Binary writing has the nice benefit that it allows most of the virtual environment to run in userspace, but imposes a performance penalty.
The binary rewriting approach requires that the instruction stream be scanned by the virtualization environment and privileged instructions identified. These are then rewritten to point to their emulated versions.
Rather than dealing with problematic instructions, paravirtualization systems like Xen simply ignore them.
If a guest system executes an instruction that doesn’t trap while inside a paravirtualized environment, then the guest has to deal with the consequences. Conceptually, this is similar to the binary rewriting approach, except that the rewriting happens at compile time (or design time), rather than at runtime.
The environment presented to a Xen guest is not quite the same as that of a real x86 system. It is sufficiently similar, however, in that it is usually a fairly simple task to port an operating system to Xen.
From the perspective of an operating system, the biggest difference is that it runs in ring 1 on a Xen system, instead of ring 0. This means that it cannot perform any privileged instructions. In order to provide similar functionality, the hypervisor exposes a set of hypercalls that correspond to the instructions.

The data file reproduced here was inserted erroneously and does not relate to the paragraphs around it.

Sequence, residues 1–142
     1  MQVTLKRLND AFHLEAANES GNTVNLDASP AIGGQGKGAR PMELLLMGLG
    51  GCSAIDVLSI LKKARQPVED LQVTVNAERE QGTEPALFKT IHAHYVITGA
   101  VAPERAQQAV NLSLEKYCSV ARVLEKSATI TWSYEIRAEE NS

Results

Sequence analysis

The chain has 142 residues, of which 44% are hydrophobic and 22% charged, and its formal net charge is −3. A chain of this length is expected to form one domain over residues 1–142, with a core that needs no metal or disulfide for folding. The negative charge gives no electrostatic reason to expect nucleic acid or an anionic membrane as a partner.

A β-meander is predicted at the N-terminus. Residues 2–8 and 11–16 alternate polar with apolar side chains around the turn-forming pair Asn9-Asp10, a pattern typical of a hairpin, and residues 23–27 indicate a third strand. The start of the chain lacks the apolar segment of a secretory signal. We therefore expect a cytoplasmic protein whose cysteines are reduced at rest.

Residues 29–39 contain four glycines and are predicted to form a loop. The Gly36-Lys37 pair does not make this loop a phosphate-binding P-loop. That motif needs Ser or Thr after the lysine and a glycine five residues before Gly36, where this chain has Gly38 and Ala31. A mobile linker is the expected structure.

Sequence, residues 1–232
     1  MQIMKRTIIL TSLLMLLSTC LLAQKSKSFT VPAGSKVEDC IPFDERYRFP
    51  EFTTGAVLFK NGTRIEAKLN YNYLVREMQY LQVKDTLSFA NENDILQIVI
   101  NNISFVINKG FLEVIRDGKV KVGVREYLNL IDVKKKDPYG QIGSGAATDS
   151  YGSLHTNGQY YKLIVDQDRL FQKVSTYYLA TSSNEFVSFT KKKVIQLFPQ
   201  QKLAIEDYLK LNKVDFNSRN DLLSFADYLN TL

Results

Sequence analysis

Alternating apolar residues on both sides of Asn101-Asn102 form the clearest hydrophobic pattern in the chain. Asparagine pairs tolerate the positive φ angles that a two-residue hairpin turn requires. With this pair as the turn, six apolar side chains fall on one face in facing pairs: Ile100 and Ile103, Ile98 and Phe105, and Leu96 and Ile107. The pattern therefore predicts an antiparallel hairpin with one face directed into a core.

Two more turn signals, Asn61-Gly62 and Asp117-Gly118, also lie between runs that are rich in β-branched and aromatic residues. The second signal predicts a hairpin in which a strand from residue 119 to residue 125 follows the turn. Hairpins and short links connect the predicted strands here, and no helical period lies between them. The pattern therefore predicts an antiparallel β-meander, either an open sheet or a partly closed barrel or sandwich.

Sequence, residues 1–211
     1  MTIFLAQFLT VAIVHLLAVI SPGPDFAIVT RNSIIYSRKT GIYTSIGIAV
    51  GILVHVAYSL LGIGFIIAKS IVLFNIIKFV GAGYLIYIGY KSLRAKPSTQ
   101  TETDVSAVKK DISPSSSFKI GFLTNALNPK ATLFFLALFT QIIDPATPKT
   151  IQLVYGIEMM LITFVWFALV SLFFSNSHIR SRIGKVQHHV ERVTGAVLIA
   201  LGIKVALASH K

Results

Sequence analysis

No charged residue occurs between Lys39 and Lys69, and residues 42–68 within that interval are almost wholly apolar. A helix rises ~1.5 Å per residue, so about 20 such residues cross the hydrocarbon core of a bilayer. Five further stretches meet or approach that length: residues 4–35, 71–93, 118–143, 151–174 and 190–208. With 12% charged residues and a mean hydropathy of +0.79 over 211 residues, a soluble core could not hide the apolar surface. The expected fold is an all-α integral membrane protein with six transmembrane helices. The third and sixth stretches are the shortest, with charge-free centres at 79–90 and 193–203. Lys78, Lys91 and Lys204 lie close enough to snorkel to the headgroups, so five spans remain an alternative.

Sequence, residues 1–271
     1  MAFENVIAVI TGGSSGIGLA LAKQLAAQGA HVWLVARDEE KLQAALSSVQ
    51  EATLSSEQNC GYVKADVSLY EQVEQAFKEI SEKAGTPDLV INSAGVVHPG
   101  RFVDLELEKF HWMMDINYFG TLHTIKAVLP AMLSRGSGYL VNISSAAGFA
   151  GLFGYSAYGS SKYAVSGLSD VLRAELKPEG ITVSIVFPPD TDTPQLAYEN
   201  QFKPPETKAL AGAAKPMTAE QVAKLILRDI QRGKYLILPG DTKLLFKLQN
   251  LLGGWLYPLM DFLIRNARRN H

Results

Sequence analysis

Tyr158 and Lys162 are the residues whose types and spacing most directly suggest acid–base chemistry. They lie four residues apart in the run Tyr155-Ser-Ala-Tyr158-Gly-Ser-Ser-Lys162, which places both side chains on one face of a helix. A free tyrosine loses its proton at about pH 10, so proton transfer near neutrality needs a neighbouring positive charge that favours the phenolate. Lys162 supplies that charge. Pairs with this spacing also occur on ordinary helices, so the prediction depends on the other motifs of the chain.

Now, both Intel and AMD have added a set of instructions that makes virtualization considerably easier for x86. AMD introduced AMD-V, formerly known as Pacifica, whereas Intel’s extensions are known simply as (Intel) Virtualization Technology (IVT or VT). The idea behind these is to extend the x86 ISA to make up for the shortcomings in the existing instruction set. Conceptually, they can be thought of as adding a “ring -1” above ring 0, allowing the OS to stay where it expects to be and catching attempts to access the hardware directly. In implementation, more than one ring is added, but the important thing is that there is an extra privilege mode where a hypervisor can trap and emulate operations that would previously have silently failed.
IVT adds a new mode to the processor, called VMX. A hypervisor can run in VMX mode and be invisible to the operating system, running in ring 0. When the CPU is in VMX mode, it looks normal from the perspective of an unmodified OS. All instructions do what they would be expected to, from the perspective of the guest, and there are no unexpected failures as long as the hypervisor correctly performs the emulation.
A set of extra instructions is added that can be used by a process in VMX root mode. These instructions do things like allocating a memory page on which to store a full copy of the CPU state, start, and stop a VM. Finally, a set of bitmaps is defined indicating whether a particular interrupt, instruction, or exception should be passed to the virtual machine’s OS running in ring 0 or by the hypervisor running in VMX root mode.
Hardware Virtual Machine），可以运行